Fans of Beethoven and Bruno Mars don’t always run in the same circles.
The sequined suits and perfect coiffure of the pop superstar don’t exactly jibe with the staid stereotypes often associated with classical music.
But the two worlds will be inextricably blended in Aurora this weekend with a performance at the city’s recently polished People’s Building on East Colfax Avenue.
Kim Robards Dance, which runs its company out of a studio directly across the street from the new performance space, is teaming up with Spinphony, a Denver-based string quartet, for a modern dance performance choreographed to original Spinphony tunes.
The show, deemed “Spinoff,” is the first dance event ever scheduled to take place in the former People’s Rent-to-Own building at 9995 E. Colfax Ave., which the city bought about four years ago for $875,000, according to Tony Chacon, urban renewal supervisor with the city.
Including the initial purchase price, the city has invested a total of about $2.73 million into the facility, which was originally constructed in the 1940s, city spokeswoman Julie Patterson said. The city is planning on renting the some 4,000-square-foot performance space to various arts groups on an as-needed basis, and, eventually, leasing an attached 2,500-sqaure-foot restaurant shell to a permanent eatery.
The inaugural modern dance performance, which will feature live string music throughout the roughly two-hour-long spectacle, is a reprisal of a show the two artistic groups debuted at the Lakewood Cultural Center earlier this year.
“I think I wanted to bring it back because I feel, as one of the district stakeholders in the Aurora Cultural Arts District, that every show we do — if we mount a show that’s outside of here — we also want it to happen in the district,” Robards said. “You know, that’s the whole point of being here. And this particular show…we had such an amazing response to it.”
The performance features a slew of Robards-choreographed dances set to musical arrangements penned by Brett Omara, the founder, artistic director and violinist for Spinphony.
Omara, who studied at the Manhattan School of Music before starting the local quartet about four years ago, described her approach to composition as, “taking the greatest melodies of all time and mashing them together.”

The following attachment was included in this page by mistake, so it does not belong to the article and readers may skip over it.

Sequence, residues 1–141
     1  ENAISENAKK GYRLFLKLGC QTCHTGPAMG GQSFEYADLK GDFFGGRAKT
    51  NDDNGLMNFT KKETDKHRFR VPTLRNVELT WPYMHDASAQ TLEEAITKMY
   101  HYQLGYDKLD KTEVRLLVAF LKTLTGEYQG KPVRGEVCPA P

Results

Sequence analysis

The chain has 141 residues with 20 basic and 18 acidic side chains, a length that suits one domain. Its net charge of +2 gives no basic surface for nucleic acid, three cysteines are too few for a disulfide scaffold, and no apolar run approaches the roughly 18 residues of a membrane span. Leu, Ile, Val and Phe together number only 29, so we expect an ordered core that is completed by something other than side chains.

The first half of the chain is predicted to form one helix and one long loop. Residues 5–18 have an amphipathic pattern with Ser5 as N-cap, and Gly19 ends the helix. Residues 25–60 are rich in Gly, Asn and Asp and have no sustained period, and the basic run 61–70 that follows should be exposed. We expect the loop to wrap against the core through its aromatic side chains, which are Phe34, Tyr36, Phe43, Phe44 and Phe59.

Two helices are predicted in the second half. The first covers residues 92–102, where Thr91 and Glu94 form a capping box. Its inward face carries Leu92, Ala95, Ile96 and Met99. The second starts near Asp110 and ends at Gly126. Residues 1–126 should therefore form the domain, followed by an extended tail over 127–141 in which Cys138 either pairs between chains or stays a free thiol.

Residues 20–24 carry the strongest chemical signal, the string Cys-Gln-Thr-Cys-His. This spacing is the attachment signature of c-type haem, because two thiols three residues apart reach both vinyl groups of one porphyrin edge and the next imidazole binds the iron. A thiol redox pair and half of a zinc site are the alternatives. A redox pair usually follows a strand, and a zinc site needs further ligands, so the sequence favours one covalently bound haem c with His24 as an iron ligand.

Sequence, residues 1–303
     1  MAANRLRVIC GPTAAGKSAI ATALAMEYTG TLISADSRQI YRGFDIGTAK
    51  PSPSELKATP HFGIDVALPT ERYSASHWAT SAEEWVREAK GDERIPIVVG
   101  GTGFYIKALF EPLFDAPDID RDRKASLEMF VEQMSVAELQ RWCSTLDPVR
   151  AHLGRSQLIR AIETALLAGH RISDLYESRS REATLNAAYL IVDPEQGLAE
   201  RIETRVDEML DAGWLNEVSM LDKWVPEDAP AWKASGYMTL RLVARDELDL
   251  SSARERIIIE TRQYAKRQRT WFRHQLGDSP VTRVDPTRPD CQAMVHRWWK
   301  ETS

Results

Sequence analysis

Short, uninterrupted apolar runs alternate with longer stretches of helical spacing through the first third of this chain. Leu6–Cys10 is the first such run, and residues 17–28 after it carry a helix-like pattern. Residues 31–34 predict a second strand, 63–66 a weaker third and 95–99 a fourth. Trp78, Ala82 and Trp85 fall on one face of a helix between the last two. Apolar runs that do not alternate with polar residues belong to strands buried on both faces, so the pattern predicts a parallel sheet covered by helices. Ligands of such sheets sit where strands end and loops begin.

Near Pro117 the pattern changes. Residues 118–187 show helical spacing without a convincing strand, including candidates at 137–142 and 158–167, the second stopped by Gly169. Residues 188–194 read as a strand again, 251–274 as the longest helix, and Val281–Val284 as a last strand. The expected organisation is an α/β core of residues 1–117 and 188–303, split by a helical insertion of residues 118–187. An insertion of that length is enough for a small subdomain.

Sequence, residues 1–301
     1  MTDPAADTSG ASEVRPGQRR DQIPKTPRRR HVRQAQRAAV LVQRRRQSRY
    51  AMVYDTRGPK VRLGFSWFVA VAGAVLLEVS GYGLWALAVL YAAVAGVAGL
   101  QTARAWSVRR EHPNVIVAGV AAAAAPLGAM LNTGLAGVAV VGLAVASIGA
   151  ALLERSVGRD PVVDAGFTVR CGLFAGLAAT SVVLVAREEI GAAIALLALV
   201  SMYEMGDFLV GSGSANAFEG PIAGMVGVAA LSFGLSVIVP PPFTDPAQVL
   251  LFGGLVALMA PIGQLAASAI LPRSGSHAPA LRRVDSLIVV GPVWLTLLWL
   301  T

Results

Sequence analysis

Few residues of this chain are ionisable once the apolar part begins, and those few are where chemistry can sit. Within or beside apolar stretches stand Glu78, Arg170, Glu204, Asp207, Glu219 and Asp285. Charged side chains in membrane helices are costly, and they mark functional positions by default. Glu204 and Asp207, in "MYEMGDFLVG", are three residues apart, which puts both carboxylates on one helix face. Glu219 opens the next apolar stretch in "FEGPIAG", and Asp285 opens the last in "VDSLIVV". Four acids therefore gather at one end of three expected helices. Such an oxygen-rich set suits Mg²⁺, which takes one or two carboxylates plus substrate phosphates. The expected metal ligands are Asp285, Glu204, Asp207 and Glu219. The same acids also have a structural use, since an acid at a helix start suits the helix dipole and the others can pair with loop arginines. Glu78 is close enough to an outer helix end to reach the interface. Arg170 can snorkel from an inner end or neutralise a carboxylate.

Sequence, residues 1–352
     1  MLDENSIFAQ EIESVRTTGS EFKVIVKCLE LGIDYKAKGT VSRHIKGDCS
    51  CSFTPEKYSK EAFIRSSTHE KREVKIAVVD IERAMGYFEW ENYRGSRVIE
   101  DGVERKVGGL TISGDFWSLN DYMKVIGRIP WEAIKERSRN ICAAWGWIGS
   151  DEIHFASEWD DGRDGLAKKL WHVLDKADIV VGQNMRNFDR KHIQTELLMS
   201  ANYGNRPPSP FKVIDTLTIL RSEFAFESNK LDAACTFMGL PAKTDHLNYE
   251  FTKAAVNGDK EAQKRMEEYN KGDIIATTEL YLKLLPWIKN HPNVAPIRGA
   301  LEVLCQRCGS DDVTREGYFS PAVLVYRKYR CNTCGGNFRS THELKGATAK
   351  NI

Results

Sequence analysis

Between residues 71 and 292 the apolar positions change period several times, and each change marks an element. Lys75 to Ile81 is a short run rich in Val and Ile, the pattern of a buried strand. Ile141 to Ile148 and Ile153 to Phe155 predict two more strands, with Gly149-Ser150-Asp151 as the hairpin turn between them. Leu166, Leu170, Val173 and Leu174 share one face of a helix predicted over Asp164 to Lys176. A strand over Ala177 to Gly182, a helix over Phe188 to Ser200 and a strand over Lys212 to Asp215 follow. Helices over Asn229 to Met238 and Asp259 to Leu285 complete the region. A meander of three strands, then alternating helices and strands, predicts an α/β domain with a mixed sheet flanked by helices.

She’s not exaggerating. The new show in Aurora features “Uptown 5th,” which is a blend of “Uptown Funk” by Mark Ronson featuring Bruno Mars and Beethoven’s 5th Symphony, as well as alchemies of Journey and Beethoven and AC/DC and Bach.
The collaboration with Kim Robards Dance also features a performance entitled, “Aloft,” which Robards choreographed to a piece of music written by contemporary composer Bryce Dessner, who also plays guitar for the Brooklyn-based band The National. The Spinphony players will also perform the music for that performance live.
Omara, who previously gave music lessons at nearby Montview Math and Health Sciences Elementary School for about three years, said the show is intended to lure crowds who may not typically be compelled to catch a live performance featuring classical music.
“We’re really kind of all about exploring a new way to explore classical music and bringing in a new audience,” she said.
Robards approached Omara about a potential collaboration late last year after hearing about her performance at the opening of Aurora’s new Hyatt Regency Hotel and Conference Center last summer, and later at the CherryArts Festival at Stanley Marketplace in the fall.
Echoing Omara, Robards said the show injects fresh life into a medium and a genre that is so often laden with stereotypes.
“I think (Spinphony is) refined and sophisticated, but also relevant and trendy and current all at the same time … and that’s sort of how I think about KRD,” she said. “We don’t wear tutus, we’re a modern dance company … but there’s so many pre-conceived notions about what modern dance is, and we’ve worked hard to spread the word that it’s not just standing and pretending you’re a tree.”
LaRana Skalicky, associate executive director for Kim Robards Dance, confirmed the show helps to dent some of the cliches that frequently cloud both modern dance and classical music.
“It’s one of those concerts where no one feels like, “I’m just sitting through another esoteric dance piece where I don’t know what’s going on,’” she said. “It’s really accessible with high energy and very uplifting.”
The performance is taking place one night only at 7:30 p.m. May 19.
7:30 p.m. May 19, The People’s Building, 9995 E. Colfax Ave.
Running time is 2 hours.
For ticket information, call 303-825-4847 or email [email protected]